No Evidence Of Health Problems From Btk Use
23 October 2001
No evidence has been found to show that Btk, the spray used to eliminate the white –spotted tussock moth from Auckland’s eastern suburbs in 1996 - 97 had caused health problems to residents in the sprayed area.
This finding is the result of a two-year study by a committee of experts in population health surveillance.
From late November 2001 the organic pesticide Btk will be used again when the next phase of the programme to attempt to eradicate painted apple moth commences with targeted aerial spraying.
Although Btk is found naturally in the soil and is a commonly used agricultural insecticide in organic production, there were understandable health concerns in the community, as it had never been used in this way in New Zealand before.
The health report committee examined the health of residents in the sprayed areas for two years after spraying stopped. They looked at individual, local, regional and national health information. This included investigating residents’ reported health concerns, consultation rates at family doctors in the area, and a review of health data to look at the size and development of babies at birth.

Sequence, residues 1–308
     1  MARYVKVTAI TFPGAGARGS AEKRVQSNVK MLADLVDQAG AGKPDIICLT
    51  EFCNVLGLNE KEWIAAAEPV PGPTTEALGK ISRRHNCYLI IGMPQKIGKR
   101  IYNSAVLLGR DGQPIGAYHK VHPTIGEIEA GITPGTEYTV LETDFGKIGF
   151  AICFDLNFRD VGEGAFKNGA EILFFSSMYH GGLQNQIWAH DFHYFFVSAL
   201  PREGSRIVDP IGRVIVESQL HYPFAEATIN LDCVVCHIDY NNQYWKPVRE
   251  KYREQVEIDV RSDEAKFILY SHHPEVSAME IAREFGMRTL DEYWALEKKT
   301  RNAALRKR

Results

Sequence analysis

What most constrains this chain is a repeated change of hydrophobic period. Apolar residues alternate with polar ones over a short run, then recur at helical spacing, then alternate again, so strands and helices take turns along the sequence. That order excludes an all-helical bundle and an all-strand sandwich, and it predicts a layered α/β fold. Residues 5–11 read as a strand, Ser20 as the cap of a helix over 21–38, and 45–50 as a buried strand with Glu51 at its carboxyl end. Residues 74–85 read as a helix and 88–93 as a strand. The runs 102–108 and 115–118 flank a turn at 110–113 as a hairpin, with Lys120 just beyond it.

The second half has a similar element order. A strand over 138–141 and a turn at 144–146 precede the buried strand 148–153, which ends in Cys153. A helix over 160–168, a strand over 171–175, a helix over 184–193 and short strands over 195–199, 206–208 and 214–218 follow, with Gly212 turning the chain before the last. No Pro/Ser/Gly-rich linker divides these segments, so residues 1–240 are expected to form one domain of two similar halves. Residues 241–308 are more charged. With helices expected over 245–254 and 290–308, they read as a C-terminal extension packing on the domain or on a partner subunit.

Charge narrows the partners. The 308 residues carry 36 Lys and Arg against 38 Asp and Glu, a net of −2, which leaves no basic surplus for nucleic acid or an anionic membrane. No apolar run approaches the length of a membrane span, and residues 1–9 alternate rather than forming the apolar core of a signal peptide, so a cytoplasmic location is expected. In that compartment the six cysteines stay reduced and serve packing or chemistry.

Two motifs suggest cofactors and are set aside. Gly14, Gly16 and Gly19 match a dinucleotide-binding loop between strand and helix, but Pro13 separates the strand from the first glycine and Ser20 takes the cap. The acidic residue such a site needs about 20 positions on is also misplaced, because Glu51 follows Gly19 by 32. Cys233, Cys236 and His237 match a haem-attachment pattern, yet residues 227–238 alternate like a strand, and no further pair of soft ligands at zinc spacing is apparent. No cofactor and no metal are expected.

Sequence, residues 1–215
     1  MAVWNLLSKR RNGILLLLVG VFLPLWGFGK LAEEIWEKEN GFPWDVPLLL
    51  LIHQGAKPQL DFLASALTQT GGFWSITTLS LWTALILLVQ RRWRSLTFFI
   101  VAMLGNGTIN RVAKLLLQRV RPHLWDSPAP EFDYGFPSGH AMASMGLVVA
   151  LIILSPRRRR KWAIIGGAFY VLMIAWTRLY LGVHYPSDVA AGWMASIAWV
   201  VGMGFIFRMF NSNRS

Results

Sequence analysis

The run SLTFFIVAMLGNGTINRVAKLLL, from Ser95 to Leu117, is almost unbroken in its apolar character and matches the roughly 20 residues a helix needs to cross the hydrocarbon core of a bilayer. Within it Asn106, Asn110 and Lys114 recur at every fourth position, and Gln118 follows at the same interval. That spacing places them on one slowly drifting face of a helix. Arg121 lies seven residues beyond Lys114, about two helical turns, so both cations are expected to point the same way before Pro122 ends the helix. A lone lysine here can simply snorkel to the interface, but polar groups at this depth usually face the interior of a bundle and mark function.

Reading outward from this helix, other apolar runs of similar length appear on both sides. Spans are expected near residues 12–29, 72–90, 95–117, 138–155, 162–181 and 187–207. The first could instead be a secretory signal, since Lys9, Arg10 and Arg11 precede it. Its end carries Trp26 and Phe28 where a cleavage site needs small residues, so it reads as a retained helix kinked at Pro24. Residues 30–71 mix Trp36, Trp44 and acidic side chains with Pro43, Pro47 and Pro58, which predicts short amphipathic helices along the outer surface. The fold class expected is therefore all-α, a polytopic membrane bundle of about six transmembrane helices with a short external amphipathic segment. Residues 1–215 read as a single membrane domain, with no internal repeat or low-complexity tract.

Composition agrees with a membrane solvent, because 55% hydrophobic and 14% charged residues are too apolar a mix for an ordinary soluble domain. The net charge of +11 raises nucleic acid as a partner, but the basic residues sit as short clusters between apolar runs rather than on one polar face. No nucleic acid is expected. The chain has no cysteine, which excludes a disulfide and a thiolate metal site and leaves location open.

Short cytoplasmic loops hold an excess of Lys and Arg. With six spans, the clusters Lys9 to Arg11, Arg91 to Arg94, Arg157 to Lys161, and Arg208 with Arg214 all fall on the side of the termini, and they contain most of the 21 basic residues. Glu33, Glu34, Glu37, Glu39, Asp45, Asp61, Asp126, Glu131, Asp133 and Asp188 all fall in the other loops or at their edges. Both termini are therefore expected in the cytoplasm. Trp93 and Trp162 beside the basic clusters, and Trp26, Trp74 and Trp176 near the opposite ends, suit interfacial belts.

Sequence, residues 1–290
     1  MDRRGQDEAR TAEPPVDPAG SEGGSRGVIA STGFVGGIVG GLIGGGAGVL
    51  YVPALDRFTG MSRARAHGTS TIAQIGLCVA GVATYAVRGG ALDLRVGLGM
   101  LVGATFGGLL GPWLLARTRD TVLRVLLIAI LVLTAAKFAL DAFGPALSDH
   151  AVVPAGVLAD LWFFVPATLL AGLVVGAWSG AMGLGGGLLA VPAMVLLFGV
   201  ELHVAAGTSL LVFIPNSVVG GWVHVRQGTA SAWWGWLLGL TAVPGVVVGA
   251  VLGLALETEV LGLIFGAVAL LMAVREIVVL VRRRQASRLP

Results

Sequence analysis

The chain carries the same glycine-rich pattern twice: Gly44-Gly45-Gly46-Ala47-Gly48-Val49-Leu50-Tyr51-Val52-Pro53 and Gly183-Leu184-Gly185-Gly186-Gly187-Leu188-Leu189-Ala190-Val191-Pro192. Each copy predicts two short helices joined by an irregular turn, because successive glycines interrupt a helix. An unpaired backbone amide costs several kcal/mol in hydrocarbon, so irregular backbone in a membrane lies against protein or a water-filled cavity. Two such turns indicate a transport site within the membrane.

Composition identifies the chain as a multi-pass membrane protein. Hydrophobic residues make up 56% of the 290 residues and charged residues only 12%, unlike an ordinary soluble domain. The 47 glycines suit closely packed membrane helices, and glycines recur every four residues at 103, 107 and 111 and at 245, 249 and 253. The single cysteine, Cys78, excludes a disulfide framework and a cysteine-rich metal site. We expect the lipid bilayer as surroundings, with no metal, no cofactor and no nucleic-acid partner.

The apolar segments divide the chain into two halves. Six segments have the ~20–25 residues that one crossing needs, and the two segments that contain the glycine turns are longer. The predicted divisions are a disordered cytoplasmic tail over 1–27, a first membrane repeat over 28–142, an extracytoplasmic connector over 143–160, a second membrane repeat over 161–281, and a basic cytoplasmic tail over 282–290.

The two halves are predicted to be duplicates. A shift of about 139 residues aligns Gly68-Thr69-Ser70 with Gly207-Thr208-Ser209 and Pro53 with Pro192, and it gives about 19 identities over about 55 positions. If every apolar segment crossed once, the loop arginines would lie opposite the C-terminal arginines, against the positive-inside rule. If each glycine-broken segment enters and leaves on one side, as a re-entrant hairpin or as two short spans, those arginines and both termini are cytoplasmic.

While the committee found that while there were minor respiratory irritations at the time, there was no evidence of health problems caused by the spray. Prior to spraying commencing for painted apple moth the Ministry of Agriculture and Forestry (MAF) proposes to carry out a health monitoring study under the guidance of a health monitoring advisory group.
Spraying for this pest will focus on the edges of the Whau River and associated waterways, and the Waikumete Cemetery, which are the areas where monitoring indicates the pest population is concentrated.
Ground spraying has already been undertaken at infested sites and this will continue if new sites of infestation are found. While the moth has been eliminated at some sites, there have been problems in dealing with caterpillars on vegetation around the edges of waterways where ground spraying has not been able to achieve complete coverage because of the terrain and height of the vegetation.
The number of sprays necessary will depend on weather conditions during the operation. The sprays will be carried out at 3-4 week intervals. In ideal conditions, six to eight sprays should be necessary.